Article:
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Pflugers Arch. 1993 Sep;424(5-6):423-30.

Evidence for agonist-induced export of intracellular Ca2+ in epithelial cells.

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Physiologisches Institut, Albert-Ludwigs-Universität, Freiburg, Germany.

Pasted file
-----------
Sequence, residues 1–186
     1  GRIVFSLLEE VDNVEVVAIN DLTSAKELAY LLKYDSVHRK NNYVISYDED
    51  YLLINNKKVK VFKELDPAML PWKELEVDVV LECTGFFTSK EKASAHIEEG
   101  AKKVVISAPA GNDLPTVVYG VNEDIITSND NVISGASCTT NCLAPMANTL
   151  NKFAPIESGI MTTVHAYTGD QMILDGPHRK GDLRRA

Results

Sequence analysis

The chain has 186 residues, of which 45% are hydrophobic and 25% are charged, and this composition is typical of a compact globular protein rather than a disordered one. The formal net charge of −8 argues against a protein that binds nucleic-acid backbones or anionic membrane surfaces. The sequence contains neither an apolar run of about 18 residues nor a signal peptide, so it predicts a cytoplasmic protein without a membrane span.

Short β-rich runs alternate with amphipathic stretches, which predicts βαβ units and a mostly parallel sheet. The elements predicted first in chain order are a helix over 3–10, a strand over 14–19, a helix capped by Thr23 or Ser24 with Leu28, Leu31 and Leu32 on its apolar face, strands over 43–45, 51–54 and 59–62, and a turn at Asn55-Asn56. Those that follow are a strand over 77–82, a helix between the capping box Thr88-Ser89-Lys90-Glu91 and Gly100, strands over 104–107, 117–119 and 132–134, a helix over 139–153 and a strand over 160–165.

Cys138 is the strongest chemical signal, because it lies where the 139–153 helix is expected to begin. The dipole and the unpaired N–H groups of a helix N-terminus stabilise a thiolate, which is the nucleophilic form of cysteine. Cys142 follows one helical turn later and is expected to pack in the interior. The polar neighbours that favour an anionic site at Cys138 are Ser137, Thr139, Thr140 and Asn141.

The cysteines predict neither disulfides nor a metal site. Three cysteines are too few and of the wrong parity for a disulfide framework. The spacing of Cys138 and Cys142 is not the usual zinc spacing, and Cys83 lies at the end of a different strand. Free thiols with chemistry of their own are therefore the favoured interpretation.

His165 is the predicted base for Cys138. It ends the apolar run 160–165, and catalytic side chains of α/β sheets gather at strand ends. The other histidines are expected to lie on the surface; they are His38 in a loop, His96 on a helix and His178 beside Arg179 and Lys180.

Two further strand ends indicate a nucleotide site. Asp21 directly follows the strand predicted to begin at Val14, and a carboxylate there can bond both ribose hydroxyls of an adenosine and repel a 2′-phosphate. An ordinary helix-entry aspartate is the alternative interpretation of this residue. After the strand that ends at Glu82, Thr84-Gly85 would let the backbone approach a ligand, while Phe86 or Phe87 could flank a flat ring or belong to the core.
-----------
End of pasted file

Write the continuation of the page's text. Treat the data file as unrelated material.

There is increasing evidence that some agonists not only induce intracellular Ca2+ increases, due to store release and transmembranous influx, but also that they stimulate Ca2+ efflux. We have investigated the agonist-stimulated response on the intracellular Ca2+ activity ([Ca2+]i) in the presence of thapsigargin (10(-8) mol/l, TG) in HT29 and CFPAC-1 cells. For CFPAC-1 the agonists ATP (10(-7)-10(-3) mol/l, n = 9), carbachol (10(-6)-10(-3) mol/l, n = 5) and neurotensin (10(-10)-10(-7) mol/l, n = 6) all induced a concentration-dependent decrease in [Ca2+]i in the presence of TG. Similar results were obtained with HT29 cells. This decrease of [Ca2+]i could be caused by a reduced Ca2+ influx, either due to a reduced driving force for Ca2+ in the presence of depolarizing agonists or due to agonist-regulated decrease in Ca2+ permeability. Using the fura-2 Mn2+ quenching technique we demonstrated that ATP did not slow the TG-induced Mn2+ quench. This indicates that the agonist-induced [Ca2+]i decrease in the presence of TG was not due to a reduced influx of Ca2+ into the cell, but rather due to stimulation of Ca2+ export. We used the cell attached nystatin patch clamp technique in CFPAC-1 cells to examine whether, in the presence of TG, the above agonists still led to the previously described electrical changes. The cells had a mean membrane voltage of -49 +/- 3.6 mV (n = 9). Within the first 3 min ATP was still able to induce a depolarization which could be attributed to an increase in Cl- conductance.(ABSTRACT TRUNCATED AT 250 WORDS).

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